Hormones - Research Article from Macmillan Science Library: Animal Sciences

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The Two Major Hormone Groups

Hormones have been divided into two major groups that differ in their biochemical attributes, as well as in the mechanisms by which they affect the activity of target cells. These are steroid hormones and peptide hormones.

Steroid hormones are synthesized by endocrine glands in the gonads (ovaries and testes) and adrenal cortex. They are not stored but, rather, secreted into the circulatory system as soon as they are synthesized.

Steroid hormones are derived from cholesterol and are lipid soluble. Lipid solubility enables steroid hormones to cross cell membranes and enter directly into the cytoplasm. Once there, hormone molecules bind to cytoplasmic receptors, cross the nuclear membrane, and interact directly with DNA to affect cellular activity. Some well-known steroids are estrogen and testosterone.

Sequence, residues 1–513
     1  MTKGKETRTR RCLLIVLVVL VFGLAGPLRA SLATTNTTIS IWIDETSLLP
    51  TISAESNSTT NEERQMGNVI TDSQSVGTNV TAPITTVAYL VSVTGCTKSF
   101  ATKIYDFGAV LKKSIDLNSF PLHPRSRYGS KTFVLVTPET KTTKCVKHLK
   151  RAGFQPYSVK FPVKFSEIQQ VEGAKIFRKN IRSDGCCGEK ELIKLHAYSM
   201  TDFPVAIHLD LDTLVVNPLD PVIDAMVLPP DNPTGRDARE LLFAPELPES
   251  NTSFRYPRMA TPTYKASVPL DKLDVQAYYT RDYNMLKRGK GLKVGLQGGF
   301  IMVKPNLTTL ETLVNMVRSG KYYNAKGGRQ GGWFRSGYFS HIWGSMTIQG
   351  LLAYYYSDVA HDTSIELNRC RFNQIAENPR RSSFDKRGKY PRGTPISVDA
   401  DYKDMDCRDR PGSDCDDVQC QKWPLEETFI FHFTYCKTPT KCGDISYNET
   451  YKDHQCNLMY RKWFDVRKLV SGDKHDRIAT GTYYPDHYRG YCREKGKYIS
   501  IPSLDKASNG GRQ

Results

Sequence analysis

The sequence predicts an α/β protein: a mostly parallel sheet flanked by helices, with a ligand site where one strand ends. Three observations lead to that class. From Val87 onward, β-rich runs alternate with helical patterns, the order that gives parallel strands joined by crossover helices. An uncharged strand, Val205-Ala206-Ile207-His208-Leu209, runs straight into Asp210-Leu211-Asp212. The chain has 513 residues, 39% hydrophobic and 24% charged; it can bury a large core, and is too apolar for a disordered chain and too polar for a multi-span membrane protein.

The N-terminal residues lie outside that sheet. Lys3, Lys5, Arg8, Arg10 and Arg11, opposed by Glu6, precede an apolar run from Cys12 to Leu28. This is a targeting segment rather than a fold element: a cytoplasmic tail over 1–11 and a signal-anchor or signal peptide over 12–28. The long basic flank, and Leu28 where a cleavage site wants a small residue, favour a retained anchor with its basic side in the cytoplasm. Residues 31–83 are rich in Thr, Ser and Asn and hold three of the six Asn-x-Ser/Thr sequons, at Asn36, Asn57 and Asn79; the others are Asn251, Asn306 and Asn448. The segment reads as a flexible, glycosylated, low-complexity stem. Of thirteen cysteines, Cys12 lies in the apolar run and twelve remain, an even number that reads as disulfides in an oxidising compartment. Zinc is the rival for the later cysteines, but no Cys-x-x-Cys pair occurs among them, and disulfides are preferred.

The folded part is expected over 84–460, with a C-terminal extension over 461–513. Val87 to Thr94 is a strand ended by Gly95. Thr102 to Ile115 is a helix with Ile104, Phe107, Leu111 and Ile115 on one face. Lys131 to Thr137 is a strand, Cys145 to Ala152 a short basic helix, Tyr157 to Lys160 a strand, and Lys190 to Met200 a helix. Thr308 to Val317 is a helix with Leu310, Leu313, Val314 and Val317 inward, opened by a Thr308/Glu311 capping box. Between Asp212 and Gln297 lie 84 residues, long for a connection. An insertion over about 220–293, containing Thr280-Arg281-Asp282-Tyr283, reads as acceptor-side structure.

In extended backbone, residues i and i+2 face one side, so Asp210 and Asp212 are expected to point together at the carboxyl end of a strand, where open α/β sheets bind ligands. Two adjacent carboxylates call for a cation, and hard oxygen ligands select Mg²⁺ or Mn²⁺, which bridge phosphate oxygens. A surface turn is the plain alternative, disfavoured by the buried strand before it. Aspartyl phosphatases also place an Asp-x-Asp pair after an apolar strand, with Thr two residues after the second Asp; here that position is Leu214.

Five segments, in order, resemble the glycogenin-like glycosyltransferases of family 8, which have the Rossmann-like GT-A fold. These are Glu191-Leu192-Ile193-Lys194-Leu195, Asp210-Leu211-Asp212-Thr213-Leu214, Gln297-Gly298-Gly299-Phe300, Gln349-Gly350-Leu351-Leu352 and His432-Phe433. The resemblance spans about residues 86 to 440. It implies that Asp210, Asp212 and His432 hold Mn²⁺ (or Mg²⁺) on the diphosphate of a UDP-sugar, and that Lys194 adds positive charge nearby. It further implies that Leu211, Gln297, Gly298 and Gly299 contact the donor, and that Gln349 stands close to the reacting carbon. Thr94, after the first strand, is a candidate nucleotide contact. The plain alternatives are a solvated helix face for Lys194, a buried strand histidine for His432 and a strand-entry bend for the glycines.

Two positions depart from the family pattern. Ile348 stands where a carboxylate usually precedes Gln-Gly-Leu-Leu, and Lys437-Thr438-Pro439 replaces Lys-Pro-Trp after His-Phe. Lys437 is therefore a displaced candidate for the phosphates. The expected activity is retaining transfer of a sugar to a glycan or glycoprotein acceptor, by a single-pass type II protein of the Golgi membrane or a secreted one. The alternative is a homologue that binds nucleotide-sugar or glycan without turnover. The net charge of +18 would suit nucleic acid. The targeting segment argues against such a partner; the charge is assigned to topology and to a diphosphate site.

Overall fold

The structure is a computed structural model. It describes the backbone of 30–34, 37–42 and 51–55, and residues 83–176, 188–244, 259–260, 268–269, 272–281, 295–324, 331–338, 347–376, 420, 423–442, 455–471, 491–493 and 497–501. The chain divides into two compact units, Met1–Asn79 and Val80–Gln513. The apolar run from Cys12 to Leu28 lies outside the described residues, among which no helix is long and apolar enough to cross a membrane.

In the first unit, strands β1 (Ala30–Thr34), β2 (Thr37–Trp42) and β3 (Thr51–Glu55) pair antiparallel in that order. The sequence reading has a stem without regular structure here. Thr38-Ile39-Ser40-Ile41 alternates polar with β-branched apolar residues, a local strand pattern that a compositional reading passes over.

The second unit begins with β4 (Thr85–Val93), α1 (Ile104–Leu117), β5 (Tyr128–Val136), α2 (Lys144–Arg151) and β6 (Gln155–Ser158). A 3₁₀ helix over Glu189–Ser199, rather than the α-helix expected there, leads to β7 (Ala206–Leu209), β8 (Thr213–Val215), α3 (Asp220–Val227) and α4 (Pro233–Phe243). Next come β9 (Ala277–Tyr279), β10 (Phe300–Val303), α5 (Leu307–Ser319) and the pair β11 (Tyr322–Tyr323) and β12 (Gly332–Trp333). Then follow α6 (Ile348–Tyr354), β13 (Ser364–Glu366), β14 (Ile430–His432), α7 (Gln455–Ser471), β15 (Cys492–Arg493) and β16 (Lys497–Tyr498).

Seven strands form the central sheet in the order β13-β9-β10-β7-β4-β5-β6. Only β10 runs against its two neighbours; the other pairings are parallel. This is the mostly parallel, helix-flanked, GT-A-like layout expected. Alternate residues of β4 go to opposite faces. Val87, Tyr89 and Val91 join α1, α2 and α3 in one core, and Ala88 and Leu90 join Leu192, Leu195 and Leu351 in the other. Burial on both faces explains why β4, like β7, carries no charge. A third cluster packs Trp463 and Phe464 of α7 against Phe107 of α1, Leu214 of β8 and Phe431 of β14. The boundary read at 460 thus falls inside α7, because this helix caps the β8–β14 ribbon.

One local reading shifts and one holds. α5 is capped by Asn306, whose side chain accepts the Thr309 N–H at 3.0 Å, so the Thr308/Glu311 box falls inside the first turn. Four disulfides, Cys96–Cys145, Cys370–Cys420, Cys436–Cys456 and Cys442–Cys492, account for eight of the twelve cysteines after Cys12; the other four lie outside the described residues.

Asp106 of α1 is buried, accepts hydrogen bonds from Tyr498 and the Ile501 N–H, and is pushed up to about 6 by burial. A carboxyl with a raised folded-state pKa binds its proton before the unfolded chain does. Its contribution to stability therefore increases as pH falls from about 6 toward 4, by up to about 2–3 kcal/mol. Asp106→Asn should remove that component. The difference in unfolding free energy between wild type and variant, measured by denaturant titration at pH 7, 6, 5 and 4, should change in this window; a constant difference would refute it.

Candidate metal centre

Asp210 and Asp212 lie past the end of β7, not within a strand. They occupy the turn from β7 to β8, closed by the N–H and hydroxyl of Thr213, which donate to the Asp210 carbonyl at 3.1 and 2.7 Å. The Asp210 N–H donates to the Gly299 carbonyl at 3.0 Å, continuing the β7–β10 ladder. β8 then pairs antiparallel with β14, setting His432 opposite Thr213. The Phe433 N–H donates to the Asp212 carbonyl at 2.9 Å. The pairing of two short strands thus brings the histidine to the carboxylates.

Peptide hormones, on the other hand, are proteins and composed of amino acids. Peptide hormones are water soluble and range greatly in...

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This section contains 1,111 words
(approx. 4 pages at 300 words per page)
Buy the Hormones Encyclopedia Article
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Macmillan Science Library: Animal Sciences
Hormones from Macmillan Science Library: Animal Sciences. Copyright © 2001-2006 by Macmillan Reference USA, an imprint of the Gale Group. All rights reserved.
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